Undeniably, watermelon is one of summer’s quintessential fruits. So when grilling season is in full swing, be sure to grill watermelon. Grilling gives it an almost meaty texture that makes this ruby fruit a standout addition to a salad.
Slice about 1/2 in (1.25 cm) off bottom of watermelon half so it sits flat. Slice away rind. Turn melon block on its side, cut it into 4 slabs, and then slice each piece in half so you have a total of 8 watermelon half-moons.
Preheat grill to medium. Lightly coat watermelon slices with 1 tsp (5 mL) oil and season with chili powder and salt. Brush remaining oil on onion rounds and insert toothpick through rings to hold slices together. Grill each side of watermelon for about 2 minutes, or until grill marks appear.
Grill onions until tender and beginning to caramelize, about 3 minutes per side. Separate grilled onion into individual rings and slice watermelon slabs in half.
Use a vegetable peeler or mandoline to slice cucumber into long, thin strips.
To assemble salad, place greens on serving plates and top with cucumber ribbons, onion rings, watermelon squares (2 per salad), and feta. Drizzle on balsamic vinegar. Scatter pistachios and mint over top.
Select the ripest figs you can find to add gorgeous sweetness to this hearty salad, which is just as useful for a family dinner as a workday lunch. Carrots and chickpeas are dressed in a savoury tahini yogurt dressing with Middle Eastern-inspired flavours. A little goes a long way with this fibre- and protein-packed salad, which keeps well in the fridge. Fall favourite Did you know that some varieties of figs have two seasons? They enjoy a brief, early season at the beginning of June and a second season from August to October. Fall figs tend to be sweeter and grow on the new wood of trees.
The apple in these turkey meatballs might not be immediately visible, but it’s working behind the scenes to help bind them together and adds sweet flavour and juiciness. Chinese five-spice powder—a blend of star anise, ground fennel seeds, Sichuan peppercorns, cloves, and cinnamon—lends lively flavour, alongside ginger and garlic. Packed full of protein, these meaty bites are a good source of vitamin D and iron and make for a tasty party appetizer. Meatball magic Handle with care A light touch is the key to a well-formed, juicy meatball. Using a tablespoon measure or cookie scoop, spoon heaping tablespoons into individual meatballs and toss them back and forth between your hands a few times, very gently, to round them off. Avoid squeezing or compressing the meat. Make ahead You can form meatballs 4 hours in advance and refrigerate before cooking. Lay meatballs in a single layer on parchment in glass dish; cover and refrigerate until ready to use. Remove meatballs from refrigerator about 30 minutes before you begin to cook to allow them to come to room temperature. This will ensure they cook evenly. Blot any excess moisture before adding to the hot pan. Turning with this trick When browning meatballs, use a cookie scoop to nudge and turn the meatball. If it loses its round shape, use the scoop to gently re-form.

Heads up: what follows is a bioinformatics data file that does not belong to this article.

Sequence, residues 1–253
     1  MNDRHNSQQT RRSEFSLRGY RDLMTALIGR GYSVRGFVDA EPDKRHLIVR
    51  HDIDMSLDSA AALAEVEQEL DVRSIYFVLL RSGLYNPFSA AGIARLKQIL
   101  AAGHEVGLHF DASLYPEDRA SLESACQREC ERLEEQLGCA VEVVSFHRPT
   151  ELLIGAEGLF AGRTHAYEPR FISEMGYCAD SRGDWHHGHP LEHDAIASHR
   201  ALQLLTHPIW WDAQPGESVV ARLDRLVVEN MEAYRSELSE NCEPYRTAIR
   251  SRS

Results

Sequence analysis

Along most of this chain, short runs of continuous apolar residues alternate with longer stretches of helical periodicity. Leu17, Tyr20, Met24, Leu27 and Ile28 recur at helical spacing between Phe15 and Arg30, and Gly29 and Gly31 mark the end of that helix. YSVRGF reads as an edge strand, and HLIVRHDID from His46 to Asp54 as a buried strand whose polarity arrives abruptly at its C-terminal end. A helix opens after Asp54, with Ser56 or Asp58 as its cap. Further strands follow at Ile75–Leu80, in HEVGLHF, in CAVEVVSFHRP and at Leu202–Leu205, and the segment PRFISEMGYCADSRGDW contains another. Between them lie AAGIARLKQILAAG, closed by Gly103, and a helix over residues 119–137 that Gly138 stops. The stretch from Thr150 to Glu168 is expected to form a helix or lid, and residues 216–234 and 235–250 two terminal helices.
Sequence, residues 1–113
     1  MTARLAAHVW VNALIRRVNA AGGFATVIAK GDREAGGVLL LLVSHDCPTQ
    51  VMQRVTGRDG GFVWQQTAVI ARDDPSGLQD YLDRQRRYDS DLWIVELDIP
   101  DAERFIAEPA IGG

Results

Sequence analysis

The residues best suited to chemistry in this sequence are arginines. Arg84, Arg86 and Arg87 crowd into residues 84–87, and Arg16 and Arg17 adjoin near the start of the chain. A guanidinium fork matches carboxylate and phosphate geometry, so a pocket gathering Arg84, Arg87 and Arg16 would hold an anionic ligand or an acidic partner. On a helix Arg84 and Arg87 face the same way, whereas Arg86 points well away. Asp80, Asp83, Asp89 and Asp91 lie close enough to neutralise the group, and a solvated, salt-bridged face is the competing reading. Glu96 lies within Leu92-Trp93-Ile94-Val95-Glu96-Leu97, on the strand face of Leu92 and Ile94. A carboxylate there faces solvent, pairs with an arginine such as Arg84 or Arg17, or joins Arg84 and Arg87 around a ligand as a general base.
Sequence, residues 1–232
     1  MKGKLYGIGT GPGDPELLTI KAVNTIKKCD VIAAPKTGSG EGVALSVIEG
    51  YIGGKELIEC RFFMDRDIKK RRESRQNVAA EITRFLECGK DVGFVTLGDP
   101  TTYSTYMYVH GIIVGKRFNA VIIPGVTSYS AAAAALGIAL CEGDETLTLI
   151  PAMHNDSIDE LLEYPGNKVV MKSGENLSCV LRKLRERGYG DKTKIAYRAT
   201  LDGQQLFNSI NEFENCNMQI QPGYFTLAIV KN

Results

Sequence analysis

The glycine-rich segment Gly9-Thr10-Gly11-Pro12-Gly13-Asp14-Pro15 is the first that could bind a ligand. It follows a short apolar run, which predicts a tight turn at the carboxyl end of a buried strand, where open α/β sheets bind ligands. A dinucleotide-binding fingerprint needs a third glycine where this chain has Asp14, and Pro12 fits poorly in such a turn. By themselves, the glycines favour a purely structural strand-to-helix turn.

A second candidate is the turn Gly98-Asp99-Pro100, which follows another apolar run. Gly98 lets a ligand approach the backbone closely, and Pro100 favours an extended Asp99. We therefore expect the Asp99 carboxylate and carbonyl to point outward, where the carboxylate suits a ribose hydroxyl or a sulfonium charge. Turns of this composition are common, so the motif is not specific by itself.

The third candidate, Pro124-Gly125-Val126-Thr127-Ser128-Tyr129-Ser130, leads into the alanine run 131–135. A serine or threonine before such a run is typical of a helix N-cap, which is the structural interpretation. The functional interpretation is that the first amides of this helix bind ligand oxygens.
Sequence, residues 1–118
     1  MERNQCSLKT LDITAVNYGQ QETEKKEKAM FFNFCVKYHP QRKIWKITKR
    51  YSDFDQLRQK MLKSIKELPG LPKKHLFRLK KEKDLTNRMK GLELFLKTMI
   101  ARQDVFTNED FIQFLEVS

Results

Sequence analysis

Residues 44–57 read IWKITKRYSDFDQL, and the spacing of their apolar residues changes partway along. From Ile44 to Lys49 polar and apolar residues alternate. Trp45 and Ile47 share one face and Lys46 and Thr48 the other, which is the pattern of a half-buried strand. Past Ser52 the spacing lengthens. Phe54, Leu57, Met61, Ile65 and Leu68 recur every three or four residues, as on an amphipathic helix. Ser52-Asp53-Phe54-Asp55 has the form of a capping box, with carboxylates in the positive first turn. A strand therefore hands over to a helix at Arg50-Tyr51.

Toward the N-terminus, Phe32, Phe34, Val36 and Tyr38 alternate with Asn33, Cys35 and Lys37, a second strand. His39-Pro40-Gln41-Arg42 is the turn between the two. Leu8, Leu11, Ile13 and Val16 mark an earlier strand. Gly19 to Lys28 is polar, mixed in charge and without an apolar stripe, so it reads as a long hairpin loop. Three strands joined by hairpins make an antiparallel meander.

Fall root vegetables such as parsnips or celeriac make a delicious combination with the autumn season’s arguably biggest star—the apple. Choose a tart apple like Granny Smith or a sweet-tart apple like Pink Lady for this silky soup thickened up with a cashew cream to deliver not only a winning texture but a healthy dose of dietary fibre and some added protein. Tarragon is a supporting actor in this play, working nicely with the apples in a bright, tasty oil as garnish. Terrific with tarragon Bring this dish to the next level by making an elegant tarragon oil to drizzle over the soup. Place 1/3 cup (80 mL) tarragon leaves in fine sieve. Fill a bowl large enough to accommodate sieve with ice water and set aside. Plunge sieve into pot of boiling water, drenching tarragon for about 30 seconds. Remove sieve and plunge it into the ice water and leave for a minute or so. Drain and transfer tarragon to clean kitchen towel. Squeeze out all the water and place tarragon in food processor with 1/3 cup (80 mL) olive oil. Blend for about a minute and then strain oil through clean fine sieve into jar. Use at room temperature and refrigerate when not using.